Monday, January 02, 2012

Monday Poetry Stretch - Prose to Poem

I've been inspired by Walter Dean Myers' book We Are America: A Tribute From the Heart to reread the Declaration of Independence, portions of the Constitution, the Gettysburg Address and more. This got me thinking about transforming a prose document into poetry. Consider this your first found poem challenge of the year. Take a letter, a speech, a passage from a favorite book, any portion of prose with some meaning, and use words from it to write a poem. (Note that if you use excerpts from poems by other authors that you will be writing a cento. You can read more about the cento at

I've been reading (for the umpteenth time) Walden: Or Life in the Woods by Henry David Thoreau. Here's a poem I wrote based on the words from the chapter Winter Animals.
Hills rose up around me
and in misty weather loomed
like fabulous creatures.

I could walk freely
far from the village street,
where I heard the forlorn but
melodious note,
quite familiar to me,
of a hooting owl.

At length the jays arrived
with discordant screams.
Then came the chickadees
in flocks, hammering away
with their bills.

And once a sparrow
alighted upon my shoulder.
For a moment,
I felt more distinguished
by that circumstance
than by any epaulet
I could have worn.
So, there's your challenge. Leave me a note about your poem and I'll share the results later this week.


  1. Hi Tricia ~ Thanks for this stretch. It took me back to a favorite letter by Abigail Adams to her husband.

    Taken from Abigail Adams letter of March 31, 1776 to John Adams:


    I long to hear
    that you have declared
    an independency
    and by the way
    in the new Code of Laws
    which I suppose
    it will be necessary
    for you to make
    I desire you would
    Remember the Ladies,
    and be more generous
    and favourable to them
    than your ancestors.

    Do not put
    such unlimited power
    into the hands
    of the Husbands.
    Remember all Men
    would be tyrants
    if they could.
    If particular care
    and attention
    is not paid
    to the Ladies
    we are determined
    to foment a Rebellion,
    and will not hold ourselves
    bound by any Laws
    in which we have no voice,
    or Representation.

    Carol Weis, 2012

  2. This letter from Emily Dickinson to Thomas Wentworth Higginson on the occasion of sending him poems to look at in 1862. He did not publish any of the poems at that time, but he and Emily became fast friends through correspondence. Her letter read:

    "MR. HIGGINSON, --Are you too deeply occupied to say if my verse is alive?

    The mind is so near itself it cannot see distinctly, and I have none to ask.

    Should you think it breathed, and had you the leisure to tell me, I should feel quick gratitude.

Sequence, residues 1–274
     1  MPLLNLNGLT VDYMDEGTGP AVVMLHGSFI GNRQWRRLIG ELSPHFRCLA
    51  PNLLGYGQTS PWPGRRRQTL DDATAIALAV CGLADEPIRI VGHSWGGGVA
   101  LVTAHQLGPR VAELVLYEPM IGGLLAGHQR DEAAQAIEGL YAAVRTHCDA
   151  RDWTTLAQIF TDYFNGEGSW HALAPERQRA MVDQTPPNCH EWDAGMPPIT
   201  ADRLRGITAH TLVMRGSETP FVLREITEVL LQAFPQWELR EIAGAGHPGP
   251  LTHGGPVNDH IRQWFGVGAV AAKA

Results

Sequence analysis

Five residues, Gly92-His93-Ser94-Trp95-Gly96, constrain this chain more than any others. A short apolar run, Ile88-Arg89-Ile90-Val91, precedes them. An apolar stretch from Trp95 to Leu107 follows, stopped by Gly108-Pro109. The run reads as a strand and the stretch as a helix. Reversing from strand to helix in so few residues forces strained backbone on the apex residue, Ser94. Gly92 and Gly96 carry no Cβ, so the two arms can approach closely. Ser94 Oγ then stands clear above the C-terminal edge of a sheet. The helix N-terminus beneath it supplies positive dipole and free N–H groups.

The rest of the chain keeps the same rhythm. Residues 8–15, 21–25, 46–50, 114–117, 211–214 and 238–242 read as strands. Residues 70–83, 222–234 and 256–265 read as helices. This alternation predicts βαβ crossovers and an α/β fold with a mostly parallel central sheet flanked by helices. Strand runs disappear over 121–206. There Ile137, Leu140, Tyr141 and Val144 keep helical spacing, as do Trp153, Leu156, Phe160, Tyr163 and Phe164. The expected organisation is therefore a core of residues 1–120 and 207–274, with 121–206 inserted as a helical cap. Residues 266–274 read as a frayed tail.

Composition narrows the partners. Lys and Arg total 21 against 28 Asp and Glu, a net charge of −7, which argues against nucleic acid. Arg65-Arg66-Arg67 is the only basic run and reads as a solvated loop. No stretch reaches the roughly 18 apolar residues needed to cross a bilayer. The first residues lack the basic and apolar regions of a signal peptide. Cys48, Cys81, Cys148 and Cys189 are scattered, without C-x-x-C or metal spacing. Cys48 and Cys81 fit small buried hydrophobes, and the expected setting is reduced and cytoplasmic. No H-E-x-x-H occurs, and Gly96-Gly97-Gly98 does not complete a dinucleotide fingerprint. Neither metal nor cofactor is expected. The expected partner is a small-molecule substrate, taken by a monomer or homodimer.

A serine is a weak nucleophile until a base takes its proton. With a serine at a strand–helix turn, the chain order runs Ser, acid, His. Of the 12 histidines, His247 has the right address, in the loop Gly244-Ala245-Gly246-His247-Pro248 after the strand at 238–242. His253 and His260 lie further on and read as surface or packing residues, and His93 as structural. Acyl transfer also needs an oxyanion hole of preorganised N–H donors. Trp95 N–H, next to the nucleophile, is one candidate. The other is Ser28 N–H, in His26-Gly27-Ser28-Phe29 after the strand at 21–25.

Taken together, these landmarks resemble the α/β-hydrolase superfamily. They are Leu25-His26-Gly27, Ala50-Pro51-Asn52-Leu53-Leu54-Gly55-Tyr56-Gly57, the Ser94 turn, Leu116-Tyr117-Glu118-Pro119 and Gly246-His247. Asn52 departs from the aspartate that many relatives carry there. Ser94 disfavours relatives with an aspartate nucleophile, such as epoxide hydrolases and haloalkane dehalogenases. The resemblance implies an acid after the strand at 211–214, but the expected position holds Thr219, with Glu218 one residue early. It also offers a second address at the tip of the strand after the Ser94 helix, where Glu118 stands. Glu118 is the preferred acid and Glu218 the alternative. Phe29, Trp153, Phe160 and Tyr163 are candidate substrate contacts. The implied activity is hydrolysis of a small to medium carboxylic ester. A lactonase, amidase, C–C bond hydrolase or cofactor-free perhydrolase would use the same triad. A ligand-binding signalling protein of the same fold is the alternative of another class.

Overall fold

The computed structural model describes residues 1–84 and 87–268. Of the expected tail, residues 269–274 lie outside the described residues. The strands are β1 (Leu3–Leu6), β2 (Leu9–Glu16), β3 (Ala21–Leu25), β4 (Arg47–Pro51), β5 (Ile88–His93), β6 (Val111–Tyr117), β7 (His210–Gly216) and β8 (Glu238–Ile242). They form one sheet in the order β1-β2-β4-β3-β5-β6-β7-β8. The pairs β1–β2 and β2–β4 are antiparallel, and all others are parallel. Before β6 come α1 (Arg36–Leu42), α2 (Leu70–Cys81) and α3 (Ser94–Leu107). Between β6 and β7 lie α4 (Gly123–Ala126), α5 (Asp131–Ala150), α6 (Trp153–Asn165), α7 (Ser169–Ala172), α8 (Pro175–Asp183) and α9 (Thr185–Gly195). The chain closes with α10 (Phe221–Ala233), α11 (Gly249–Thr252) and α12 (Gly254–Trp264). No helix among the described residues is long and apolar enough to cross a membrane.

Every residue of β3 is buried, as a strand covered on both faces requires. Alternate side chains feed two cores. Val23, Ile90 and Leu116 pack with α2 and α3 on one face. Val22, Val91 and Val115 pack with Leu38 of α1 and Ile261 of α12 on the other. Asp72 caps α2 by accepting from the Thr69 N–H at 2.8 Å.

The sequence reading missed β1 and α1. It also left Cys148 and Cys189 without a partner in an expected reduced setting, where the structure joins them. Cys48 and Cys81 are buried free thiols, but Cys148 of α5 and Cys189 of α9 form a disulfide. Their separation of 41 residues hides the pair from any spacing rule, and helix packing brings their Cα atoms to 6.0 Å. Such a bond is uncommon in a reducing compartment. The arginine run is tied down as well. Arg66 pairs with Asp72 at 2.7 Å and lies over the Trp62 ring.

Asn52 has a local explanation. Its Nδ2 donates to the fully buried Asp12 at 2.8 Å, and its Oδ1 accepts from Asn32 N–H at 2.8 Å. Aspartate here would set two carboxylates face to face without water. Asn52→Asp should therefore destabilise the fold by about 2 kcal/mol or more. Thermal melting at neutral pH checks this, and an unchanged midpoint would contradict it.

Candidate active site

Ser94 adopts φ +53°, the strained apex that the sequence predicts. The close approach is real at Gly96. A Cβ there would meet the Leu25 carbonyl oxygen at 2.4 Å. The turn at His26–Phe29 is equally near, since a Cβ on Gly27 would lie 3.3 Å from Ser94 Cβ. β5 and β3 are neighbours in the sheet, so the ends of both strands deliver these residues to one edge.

If I make the mistake, that you dared to tell me would give me sincerer honor toward you.

    I inclose my name, asking you, if you please, sir, to tell me what is true?

    That you will not betray me it is needless to ask, since honor is its own pawn."

    My poem in answer is a sonnet, part of THE EMILY SONNETS, coming out this year from Creative Editions with pictures by Gary Kelly. As if Higginson answered her this way after her death.

    The Poet Asks

    Yes, Dear Friend, your verses live,
    They parse the years, they stretch the miles.
    They sing at weddings where they give
    The bride an arm along the aisles.
    They solemn stand at funerals
    And dirge the dead men down to sod.
    They count, like holy numerals,
    The way we calibrate our God.

    Yes, Dear Friend, your verses stay.
    The fascicles you left behind,
    Hand-stitched and hidden, in a way
    Are marvels of poetic kind,
    In verses yet you still abide,
    Though gone from here, you have not died.

    © 2012 by Jane Yolen all rights reserved

  3. a (mostly) modern cento

    i was
    a flower
    of the mountain—
    stiff curl
    of wildcarrot leaf—
    dwindling in
    a wall of rain.

    you were choral—
    you were gregarious—
    wanderer moon,
    smiling a faintly
    ironic smile,
    [as you] vainly flapped
    [your] tinsel wing.

    but with a sweet forgetting,
    like a patient etherized
    upon a table—
    [my] face was
    in a bed of hair—
    [I said] “ring out,
    wild bells:
    [you] cannot scare
    me with
    [your] empty spaces—
    the blue
    and the dim
    and the dark.”
    [No, I said,]
    “ring out, wild bells,
    to the wild sky—
    ring out!”

    James Joyce, Molly’s Soliloquy, Ulysses
    William Carlos Williams, “Spring and All”
    William Carlos Williams, Perpetuum Mobile: The City
    Pablo Neruda, “Ode to Wine”
    Andrew Marvell, “The Definition of Love”
    William Carlos Williams, “Summer Song”
    John Keats, “In drear nighted December”
    TS Eliot, “The Love-Song of J. Alfred Prufrock”
    Emily Dickinson, “1722”
    Alfred, Lord Tennyson, “Ring Out, Wild Bells”
    Robert Frost, “Desert Places”
    William Butler Yeats, “Aedh wishes for the Cloths of Heaven”
    Tennyson, ibid.